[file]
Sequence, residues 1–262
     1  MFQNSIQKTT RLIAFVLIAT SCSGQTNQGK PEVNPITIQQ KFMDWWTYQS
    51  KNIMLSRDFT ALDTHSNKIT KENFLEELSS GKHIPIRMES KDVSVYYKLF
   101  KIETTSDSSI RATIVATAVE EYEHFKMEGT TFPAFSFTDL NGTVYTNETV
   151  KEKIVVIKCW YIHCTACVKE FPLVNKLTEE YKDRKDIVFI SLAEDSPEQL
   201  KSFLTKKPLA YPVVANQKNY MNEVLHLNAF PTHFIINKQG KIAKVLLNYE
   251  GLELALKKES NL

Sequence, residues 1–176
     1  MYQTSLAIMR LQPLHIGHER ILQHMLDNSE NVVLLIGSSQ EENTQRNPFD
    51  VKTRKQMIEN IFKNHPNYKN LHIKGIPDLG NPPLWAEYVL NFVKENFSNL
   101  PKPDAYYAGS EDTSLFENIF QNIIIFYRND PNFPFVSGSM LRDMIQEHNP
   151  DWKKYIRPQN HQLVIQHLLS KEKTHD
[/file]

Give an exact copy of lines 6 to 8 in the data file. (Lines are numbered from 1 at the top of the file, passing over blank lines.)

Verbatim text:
   201  KSFLTKKPLA YPVVANQKNY MNEVLHLNAF PTHFIINKQG KIAKVLLNYE
   251  GLELALKKES NL

Sequence, residues 1–176